Section Two, “To Mars”, continues humanity’s journey away from Earth. It explains how a voyage to Mars is wildly different from one going to the Moon and why it’s not simply a case of carrying on a bit farther. In these chapters, the focus turns to the humans – the “weakest link” in any space mission, and just how difficult it will be to make these missions safe for future explorers, looking at cosmic rays, radiation, solar weather, and the difficulties that may be imposed by simple mechanical failures on such a long mission.


The final section, “And Beyond” looks to the other planets in our solar system and well as asteroids, comets, and exoplanets and considers how we might one day explore these places in greater detail. Crewed missions to Jupiter and beyond are well beyond the 50-year remit of this book, but with so many amazing possibilities out there in the depths of space (and some even closer to the sun as well), it feels imperative that we must one day find our way there.


It is fair to wonder what the point of a book like this is. Looking back over the last 50 years, it’s clear to see that even the best-laid plans for space exploration can easily change. As administrations come and go, missions find themselves at the mercy of Congress and both political and military strategies as their budgets forever hang in the balance, and, of course, unexpected events and disasters can cause huge setbacks if not outright cancellations. Trying to predict anything more than a few years in advance seems somewhat foolhardy as is illustrated by the number of claims made since the 1960s regarding when humans will first set foot on Mars – a target that continues to be pushed further and further into the future. In 2020, we are currently looking at a date somewhere in the early 2030s for that momentous event to finally become a reality, but as COVID-19 has proved, everything is in flux no matter how well we plan.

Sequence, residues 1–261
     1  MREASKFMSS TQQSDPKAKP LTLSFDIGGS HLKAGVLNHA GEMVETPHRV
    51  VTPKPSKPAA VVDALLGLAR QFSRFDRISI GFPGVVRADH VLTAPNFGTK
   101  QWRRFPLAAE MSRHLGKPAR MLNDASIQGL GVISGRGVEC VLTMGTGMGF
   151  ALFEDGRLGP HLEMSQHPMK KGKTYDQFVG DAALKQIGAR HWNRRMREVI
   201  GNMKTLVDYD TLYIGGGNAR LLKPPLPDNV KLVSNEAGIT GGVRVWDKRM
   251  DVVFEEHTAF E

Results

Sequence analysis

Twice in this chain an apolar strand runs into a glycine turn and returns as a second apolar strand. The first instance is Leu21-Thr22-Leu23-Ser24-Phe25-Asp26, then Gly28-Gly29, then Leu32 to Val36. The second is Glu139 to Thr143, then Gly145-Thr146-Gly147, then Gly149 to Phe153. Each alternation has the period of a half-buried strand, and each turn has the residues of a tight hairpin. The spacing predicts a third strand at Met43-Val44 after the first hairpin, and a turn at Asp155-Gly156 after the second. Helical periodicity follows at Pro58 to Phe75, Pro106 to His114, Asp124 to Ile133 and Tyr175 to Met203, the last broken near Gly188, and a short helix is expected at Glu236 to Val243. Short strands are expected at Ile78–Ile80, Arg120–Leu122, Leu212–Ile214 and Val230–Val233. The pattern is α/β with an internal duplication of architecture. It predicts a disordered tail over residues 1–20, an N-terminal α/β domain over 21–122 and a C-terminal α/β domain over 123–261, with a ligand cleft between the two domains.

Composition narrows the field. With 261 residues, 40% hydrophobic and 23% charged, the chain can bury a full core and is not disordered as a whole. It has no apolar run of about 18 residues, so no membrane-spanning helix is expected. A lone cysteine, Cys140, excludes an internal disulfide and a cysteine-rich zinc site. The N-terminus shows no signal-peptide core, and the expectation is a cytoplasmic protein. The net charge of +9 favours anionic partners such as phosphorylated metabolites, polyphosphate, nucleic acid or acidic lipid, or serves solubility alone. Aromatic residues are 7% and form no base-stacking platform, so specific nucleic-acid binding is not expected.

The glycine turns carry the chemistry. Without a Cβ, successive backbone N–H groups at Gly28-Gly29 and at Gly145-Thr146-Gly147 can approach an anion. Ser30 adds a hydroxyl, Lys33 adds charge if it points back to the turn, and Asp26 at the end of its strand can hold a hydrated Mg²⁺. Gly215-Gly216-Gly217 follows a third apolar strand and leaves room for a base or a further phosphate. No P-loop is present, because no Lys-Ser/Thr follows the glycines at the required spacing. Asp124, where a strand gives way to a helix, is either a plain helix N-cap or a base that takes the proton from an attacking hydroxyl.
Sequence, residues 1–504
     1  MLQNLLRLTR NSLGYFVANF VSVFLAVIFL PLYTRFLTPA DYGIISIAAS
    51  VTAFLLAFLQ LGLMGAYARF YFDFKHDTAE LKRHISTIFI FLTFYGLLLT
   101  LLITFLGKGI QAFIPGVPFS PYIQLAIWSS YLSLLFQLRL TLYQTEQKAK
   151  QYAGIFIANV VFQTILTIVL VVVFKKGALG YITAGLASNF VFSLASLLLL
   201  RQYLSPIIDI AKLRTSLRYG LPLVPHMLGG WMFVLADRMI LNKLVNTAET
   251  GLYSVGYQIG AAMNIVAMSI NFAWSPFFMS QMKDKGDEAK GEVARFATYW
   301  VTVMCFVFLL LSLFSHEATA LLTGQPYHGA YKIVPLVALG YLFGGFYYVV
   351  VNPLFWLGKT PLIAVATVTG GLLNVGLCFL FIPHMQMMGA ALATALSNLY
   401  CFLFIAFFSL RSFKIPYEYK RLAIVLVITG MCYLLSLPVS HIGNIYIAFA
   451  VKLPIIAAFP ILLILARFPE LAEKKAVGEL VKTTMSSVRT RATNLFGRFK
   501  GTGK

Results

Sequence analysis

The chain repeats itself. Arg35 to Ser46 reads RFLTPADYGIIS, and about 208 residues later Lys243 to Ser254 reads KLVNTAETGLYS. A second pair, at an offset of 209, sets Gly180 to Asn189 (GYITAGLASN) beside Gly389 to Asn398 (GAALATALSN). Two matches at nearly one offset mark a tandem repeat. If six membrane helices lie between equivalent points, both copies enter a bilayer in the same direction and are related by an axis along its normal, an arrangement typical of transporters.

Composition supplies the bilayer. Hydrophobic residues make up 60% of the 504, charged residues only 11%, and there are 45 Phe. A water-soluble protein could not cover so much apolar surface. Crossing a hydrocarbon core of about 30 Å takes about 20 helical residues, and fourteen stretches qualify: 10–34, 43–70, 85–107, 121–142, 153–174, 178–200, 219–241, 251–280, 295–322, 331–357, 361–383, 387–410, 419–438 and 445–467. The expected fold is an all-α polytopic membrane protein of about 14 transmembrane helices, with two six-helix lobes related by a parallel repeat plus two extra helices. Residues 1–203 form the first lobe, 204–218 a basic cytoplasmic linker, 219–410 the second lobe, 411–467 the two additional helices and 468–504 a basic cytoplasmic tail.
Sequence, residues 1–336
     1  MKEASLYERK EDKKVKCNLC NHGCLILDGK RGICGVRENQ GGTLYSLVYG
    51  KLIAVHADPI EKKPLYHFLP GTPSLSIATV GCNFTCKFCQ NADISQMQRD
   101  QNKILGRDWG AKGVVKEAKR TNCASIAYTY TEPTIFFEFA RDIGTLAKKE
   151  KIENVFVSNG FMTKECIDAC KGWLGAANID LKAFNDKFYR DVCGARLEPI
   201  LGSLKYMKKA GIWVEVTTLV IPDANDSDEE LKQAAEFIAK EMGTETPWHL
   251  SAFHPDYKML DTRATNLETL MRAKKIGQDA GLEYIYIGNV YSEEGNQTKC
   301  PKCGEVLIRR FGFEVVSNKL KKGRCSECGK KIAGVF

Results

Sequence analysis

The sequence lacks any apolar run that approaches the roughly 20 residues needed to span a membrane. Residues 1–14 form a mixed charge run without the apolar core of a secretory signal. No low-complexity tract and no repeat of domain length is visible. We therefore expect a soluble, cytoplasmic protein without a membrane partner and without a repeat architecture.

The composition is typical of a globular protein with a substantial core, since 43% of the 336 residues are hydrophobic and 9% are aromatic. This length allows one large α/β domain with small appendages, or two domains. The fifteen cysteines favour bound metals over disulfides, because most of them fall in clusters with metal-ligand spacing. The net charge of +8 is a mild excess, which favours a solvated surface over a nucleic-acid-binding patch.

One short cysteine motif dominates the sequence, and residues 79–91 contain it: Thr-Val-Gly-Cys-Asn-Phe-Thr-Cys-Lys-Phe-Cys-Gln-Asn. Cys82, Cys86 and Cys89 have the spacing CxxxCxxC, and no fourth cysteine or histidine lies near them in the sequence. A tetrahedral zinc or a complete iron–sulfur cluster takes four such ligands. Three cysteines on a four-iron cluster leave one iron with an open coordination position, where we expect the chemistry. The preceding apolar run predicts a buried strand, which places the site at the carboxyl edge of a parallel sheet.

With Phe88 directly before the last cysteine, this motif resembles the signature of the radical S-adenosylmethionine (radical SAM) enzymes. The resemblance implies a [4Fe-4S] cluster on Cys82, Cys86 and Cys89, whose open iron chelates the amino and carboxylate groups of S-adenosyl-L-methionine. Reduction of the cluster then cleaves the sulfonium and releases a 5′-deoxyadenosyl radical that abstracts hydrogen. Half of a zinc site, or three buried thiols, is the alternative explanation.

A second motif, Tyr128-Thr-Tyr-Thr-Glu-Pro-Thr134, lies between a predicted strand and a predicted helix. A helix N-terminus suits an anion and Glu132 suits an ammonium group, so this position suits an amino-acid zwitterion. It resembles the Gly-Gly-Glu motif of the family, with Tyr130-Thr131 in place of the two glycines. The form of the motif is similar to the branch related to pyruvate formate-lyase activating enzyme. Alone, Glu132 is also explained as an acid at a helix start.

The point then is speculation and inspiration. It’s fun to imagine the future and, hopefully, Space 2069 will help to inspire the next generation of scientists, engineers, and astronauts with visions of the events and discoveries they may themselves be involved in. If NASA’s current timeline is anywhere close to accurate, the first person to walk on Mars may well be in college today and perhaps they’ll pick up this book between classes and picture themselves taking those first steps. For those with an interest in where space exploration will take us next, I cannot recommend Space 2069 highly enough.


Geekdad